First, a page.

Mayo Clinic Connect
Anyone here dealing with peripheral neuropathy?
Liked by John, Volunteer Mentor, peggyj4411, jazzy27, heather074 ... see all
Try drinking to much water. Leg stretching and exercise.
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Also I wear compression socks at night when removing your shoes. Sleep with them and remove in the morning
I have had neuropathy for at least 5 years i have never taken any pills for it. i went to Loma linda in ca.for some treatments that helped a little but nothing great. i have been doing a variety of feet and leg exercises, that did help a little. i was told to go gluten free which also helped somewhat. the neuropathy is now traveling from my feet to my lower legs and is getting worse. my primary doctor said i do not have diabetes. I am wondering if it gets worse if they cut off your feet or legs. i have been thinking about CBD. does anyone out there know about any cures or at least some relief. would appreciate it. thanks
Liked by John, Volunteer Mentor, Chris Trout, Volunteer Mentor
@edwhalen, Good afternoon Ed. Thanks for becoming a contributor on "Connect". I use Medical Cannabis as my total pain control regimen. Before I launch into options that might have validity for you, would you please tell me if you are in California. You mention Loma Linda and that prompted the query. I look forward to hearing from you, be safe and pain-free today.
Liked by John, Volunteer Mentor
Hello Ed @edwhalen, I would like to add my welcome to Connect along with Chris @artscaping and other members. There is no cure for neuropathy and each of us is a little different in how we are affected. You may be interested in reading through another active discussion here on Connect and meet other members sharing your symptoms.
Groups > Neuropathy > Living with Neuropathy – Welcome to the group
Are you able to share how you were diagnosed or any treatments you use that help you with your symptoms? It helps other members relate and share treatments that have worked for them for similar symptoms.
My experience with Neuropathy:
I got neuropathy the night of my 20th high school reunion over 25 yrs ago. I had stayed up all night blowing up balloons and all day decorating for the event the next night. I had bought cute hard bottom flat shoes that matched my summer dress. I noticed my feet were killing me after the event and I assumed it was from the shoes. But it never got better, only worse to the point I was in tears constantly from the constant pain. The first thing that came to my rescue was the rubber bottom shoes.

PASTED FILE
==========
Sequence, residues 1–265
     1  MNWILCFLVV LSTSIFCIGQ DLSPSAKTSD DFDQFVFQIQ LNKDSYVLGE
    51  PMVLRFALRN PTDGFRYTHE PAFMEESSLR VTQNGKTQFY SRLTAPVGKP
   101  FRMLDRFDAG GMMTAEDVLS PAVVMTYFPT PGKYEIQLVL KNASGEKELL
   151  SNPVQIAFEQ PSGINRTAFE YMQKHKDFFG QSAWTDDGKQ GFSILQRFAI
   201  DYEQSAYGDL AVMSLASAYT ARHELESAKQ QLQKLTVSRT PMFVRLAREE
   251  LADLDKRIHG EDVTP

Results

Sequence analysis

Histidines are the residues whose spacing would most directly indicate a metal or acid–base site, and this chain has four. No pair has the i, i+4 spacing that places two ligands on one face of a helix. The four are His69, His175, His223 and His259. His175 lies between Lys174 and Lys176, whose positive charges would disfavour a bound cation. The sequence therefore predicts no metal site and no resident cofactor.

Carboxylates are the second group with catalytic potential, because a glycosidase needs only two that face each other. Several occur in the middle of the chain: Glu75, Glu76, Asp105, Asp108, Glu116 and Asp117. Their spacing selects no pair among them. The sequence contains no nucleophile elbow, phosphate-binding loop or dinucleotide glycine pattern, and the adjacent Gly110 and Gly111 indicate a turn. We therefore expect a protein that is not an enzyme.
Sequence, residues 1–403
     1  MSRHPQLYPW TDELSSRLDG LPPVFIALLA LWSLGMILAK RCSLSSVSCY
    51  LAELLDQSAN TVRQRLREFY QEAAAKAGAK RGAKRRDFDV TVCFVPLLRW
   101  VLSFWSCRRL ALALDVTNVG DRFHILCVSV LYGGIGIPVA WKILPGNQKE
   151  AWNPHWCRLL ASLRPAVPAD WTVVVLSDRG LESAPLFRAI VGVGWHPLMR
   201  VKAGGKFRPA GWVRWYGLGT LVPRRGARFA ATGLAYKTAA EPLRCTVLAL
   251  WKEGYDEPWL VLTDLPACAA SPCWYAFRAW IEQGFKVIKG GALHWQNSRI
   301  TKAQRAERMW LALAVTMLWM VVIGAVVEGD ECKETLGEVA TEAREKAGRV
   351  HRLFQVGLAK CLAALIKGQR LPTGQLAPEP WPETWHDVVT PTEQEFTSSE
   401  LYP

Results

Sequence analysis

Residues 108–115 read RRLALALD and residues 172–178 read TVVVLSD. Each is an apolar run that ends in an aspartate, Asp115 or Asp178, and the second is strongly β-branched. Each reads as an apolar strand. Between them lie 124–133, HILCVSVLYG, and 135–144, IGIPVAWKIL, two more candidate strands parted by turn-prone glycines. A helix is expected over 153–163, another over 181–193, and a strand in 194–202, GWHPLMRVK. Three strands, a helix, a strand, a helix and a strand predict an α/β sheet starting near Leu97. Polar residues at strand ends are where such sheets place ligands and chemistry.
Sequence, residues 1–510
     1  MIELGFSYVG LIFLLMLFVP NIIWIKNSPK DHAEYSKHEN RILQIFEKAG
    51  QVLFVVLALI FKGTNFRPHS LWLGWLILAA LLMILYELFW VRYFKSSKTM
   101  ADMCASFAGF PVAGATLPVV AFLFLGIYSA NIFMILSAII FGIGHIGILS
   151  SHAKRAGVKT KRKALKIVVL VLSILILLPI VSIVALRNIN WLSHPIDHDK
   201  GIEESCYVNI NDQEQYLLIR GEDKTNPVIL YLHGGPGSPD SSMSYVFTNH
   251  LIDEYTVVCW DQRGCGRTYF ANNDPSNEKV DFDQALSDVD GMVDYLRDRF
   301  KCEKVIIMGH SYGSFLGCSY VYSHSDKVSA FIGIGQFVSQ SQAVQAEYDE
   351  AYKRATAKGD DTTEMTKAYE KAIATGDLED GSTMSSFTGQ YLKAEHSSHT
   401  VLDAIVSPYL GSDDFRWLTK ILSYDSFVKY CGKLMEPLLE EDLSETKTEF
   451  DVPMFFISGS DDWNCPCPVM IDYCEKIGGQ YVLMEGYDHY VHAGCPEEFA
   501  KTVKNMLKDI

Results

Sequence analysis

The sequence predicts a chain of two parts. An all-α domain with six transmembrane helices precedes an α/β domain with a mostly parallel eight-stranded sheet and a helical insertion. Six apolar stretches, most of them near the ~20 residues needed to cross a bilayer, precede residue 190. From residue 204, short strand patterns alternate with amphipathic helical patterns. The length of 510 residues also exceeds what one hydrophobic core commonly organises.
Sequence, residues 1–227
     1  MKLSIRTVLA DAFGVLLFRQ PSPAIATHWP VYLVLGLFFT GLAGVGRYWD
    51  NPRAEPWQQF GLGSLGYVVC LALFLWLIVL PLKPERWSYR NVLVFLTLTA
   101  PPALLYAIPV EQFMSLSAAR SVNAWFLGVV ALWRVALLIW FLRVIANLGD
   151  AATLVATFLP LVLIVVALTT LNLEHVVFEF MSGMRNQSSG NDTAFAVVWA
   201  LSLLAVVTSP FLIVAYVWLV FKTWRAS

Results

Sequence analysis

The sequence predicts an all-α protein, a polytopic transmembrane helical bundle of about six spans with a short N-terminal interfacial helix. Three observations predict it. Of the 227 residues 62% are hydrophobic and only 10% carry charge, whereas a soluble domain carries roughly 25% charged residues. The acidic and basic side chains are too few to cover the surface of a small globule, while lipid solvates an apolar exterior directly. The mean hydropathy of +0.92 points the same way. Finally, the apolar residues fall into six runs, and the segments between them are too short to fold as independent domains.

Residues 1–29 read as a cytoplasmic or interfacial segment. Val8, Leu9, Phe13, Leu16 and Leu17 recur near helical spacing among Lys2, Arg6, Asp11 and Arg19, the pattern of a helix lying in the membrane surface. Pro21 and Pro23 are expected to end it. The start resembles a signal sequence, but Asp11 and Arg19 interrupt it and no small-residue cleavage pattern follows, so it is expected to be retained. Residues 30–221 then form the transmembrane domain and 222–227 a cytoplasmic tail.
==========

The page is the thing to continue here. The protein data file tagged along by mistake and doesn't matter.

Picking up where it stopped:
Secondly, was finding a doctor and getting the medicine. Having non-diabetic, chronic, neuropathy usually brings the frustration of having a doctor look you in the eye and say, " There is nothing we can really do for it, there is no cure, we don't know what causes it and it's only going to get worse. " Lovely!! They all say the same thing. Once you are tested and find a medicine treatment that works; is better to find a general doctor to just give you the medicine to sabe the cost of a specialist.
I've tried everything through the years. Number one if you are in constant pain ask your doctor for a prescription for Cymbalta Its for neuropathy and it works fabulous. The pain will disappear. And it treats back and knee pain too at the same time. Some people take Lyrica and it might even work better but its number 1 side effect is weight gain and you put it on quickly in the first week or two taking it. And it takes more than 2 weeks to get it off. And older treatment is to take Neurotin. It also works and is cheaper but has a few mild but annoying side effects like brain freezes if you miss a dose or take a doze too late. If your pain is really bad , your neurologist might recommend you taking neurotin with Cymbalta our Lyrica.
Number 2 treatment is only wear shoes with rubber sqwishy bottoms. These are hard to find. The Earth brand at Wal-Mart is good and the more expensive Nike and Sketchers are good. When looking for a shoe pit your fingers in the inside of the show and push down lightly with 2 fingers. If there is an indention and/or spring back rubbery feel there are good. It must have soft rubber and not hard rubber or hard cardboard or plastic bottoms. Heels of any type are out except occasionally you can find a medium platform shoe that gives you height. Under no condition go barefoot or stand barefoot on hard wood floors.
If your feet get too cold; stop up your tub and stand in as hot of water that you can in the tub. The longer you have neuropathy the more your feet will continue to sting, hurt and go numb. The more you can massage your feet with a lotion that is cool, has menthal or pepperment in it. The more you keep the circulation moving the better. I have tried every lotion known to man and i have found they all work about the same. My favorite choice is keep a small bottle of antibacterial gel in your pocket book or by your night stand. Works as good if not better than everything out there.